The Marjory Stoneman High School literary magazine, the Artifex, is currently hosting its first-ever haiku contest. The magazine is requesting that students of all grade levels who wish to participate submit their haikus by Friday, Nov. 6 in order to be considered. All haikus can be submitted by using the link on the contest’s flyer.
“This year we really wanted to motivate students to contribute and be part of the magazine,” Artifex staffer Leslie Chacon said. “We’re trying to encourage students to do the best they can, everybody has a chance to win!”
A haiku is a Japanese style of poetry that consists of three lines, each with a certain number of syllables. A traditional haiku has five syllables within the first line, seven within the second and five once again in the third. Each writer must submit three to five haikus in order to participate. The collection of haikus should also be in relation to one another.
The Artifex will be announcing the winner soon after the submission deadline on both their Twitter and Instagram accounts. The winning haikus will then be published in the school literary magazine. As an additional prize, the winning writer will receive a $5 Starbucks gift card.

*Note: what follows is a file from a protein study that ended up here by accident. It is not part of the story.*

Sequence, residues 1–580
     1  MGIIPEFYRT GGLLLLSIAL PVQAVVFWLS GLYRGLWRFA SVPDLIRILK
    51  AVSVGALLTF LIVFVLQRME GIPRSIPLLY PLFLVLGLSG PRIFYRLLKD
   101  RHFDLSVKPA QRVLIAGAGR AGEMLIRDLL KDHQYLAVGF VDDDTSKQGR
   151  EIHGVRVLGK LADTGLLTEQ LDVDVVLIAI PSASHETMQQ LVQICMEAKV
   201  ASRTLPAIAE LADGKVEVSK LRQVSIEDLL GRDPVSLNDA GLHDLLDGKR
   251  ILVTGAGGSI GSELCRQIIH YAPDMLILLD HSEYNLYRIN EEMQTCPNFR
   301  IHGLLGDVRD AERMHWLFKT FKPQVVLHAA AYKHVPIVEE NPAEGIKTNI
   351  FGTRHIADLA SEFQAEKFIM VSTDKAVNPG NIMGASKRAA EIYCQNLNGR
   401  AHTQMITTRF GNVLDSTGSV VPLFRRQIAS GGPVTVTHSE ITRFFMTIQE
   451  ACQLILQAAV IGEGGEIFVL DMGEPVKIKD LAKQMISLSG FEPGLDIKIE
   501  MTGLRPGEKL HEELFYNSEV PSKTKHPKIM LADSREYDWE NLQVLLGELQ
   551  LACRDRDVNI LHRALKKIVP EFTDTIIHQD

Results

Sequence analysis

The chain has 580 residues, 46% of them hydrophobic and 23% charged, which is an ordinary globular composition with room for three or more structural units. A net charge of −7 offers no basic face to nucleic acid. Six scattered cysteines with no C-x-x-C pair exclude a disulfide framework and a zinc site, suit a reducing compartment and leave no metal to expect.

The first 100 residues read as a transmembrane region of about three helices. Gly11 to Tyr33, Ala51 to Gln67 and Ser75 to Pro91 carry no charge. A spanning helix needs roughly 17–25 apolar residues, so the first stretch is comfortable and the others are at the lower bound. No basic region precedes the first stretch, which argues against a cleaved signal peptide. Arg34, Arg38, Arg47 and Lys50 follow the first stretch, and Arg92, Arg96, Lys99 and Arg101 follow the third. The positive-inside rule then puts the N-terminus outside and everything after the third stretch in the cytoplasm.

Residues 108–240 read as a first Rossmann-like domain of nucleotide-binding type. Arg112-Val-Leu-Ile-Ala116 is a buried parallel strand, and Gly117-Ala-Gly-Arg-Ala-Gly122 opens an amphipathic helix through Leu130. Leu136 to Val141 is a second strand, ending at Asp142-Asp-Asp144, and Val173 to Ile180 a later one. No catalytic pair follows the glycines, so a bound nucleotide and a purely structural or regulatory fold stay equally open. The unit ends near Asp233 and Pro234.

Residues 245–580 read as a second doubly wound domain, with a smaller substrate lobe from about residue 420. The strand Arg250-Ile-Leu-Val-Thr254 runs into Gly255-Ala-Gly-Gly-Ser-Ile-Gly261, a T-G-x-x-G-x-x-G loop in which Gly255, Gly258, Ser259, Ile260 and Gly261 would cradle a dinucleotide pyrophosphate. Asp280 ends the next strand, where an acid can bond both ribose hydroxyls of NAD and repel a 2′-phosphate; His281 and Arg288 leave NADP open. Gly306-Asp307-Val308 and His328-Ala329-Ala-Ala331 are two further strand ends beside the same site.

“We chose haikus because this is our first contest and we thought it would be a good idea to start with something simple that any aspiring writer can write,” Editor-in-Chief of the Artifex Lybah Haque said.
The variations of haikus are endless and they encourage creativity. All submissions will be accepted regardless of grade level or writing ability. The magazine is expecting a variety of writers with all levels of experience.
“We’ve asked English teachers to encourage students to submit their haikus, as well as the creative writing students, so we hope to see a wide range of experience levels,” Artifex staffer Reese Lansen said. “We want diverse writing styles for the literary magazine.”
In previous years, the Artifex had never held a contest of any sort. The idea was proposed after the magazine’s critique suggested that they include a larger array of writing forms. The staff agreed that holding a contest would be a fun way to inspire students to submit unique styles of writing that would otherwise not be featured.
“We lacked variety in our submission for the literary magazine,” Artifex staffer Gabi Bravoreyes said. ‘We need more variations of poems and short stories. We get too many free verse poems.”
Regardless of the reasoning for the contest, it is an opportunity for students interested in writing to display their skills. To learn more about the contest and how to get involved, view the competition’s flyer.